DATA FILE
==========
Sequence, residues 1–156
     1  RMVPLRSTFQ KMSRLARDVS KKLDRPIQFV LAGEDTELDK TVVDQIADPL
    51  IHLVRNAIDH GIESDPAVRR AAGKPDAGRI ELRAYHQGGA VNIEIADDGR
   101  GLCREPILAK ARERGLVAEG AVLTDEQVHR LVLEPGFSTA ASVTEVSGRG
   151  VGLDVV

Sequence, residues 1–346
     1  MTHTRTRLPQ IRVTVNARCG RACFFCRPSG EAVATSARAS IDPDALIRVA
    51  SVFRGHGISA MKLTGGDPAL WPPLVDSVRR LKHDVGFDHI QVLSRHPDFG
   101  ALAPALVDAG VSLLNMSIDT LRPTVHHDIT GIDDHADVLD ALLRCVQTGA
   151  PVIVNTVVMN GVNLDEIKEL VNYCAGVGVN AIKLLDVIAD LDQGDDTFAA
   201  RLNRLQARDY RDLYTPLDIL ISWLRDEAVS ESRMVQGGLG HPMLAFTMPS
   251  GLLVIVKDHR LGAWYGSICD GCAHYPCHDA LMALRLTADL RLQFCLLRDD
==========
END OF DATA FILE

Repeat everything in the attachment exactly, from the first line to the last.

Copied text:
Sequence, residues 1–156
     1  RMVPLRSTFQ KMSRLARDVS KKLDRPIQFV LAGEDTELDK TVVDQIADPL
    51  IHLVRNAIDH GIESDPAVRR AAGKPDAGRI ELRAYHQGGA VNIEIADDGR
   101  GLCREPILAK ARERGLVAEG AVLTDEQVHR LVLEPGFSTA ASVTEVSGRG
   151  VGLDVV

Sequence, residues 1–346
     1  MTHTRTRLPQ IRVTVNARCG RACFFCRPSG EAVATSARAS IDPDALIRVA
    51  SVFRGHGISA MKLTGGDPAL WPPLVDSVRR LKHDVGFDHI QVLSRHPDFG
   101  ALAPALVDAG VSLLNMSIDT LRPTVHHDIT GIDDHADVLD ALLRCVQTGA
   151  PVIVNTVVMN GVNLDEIKEL VNYCAGVGVN AIKLLDVIAD LDQGDDTFAA
   201  RLNRLQARDY RDLYTPLDIL ISWLRDEAVS ESRMVQGGLG HPMLAFTMPS
   251  GLLVIVKDHR LGAWYGSICD GCAHYPCHDA LMALRLTADL RLQFCLLRDD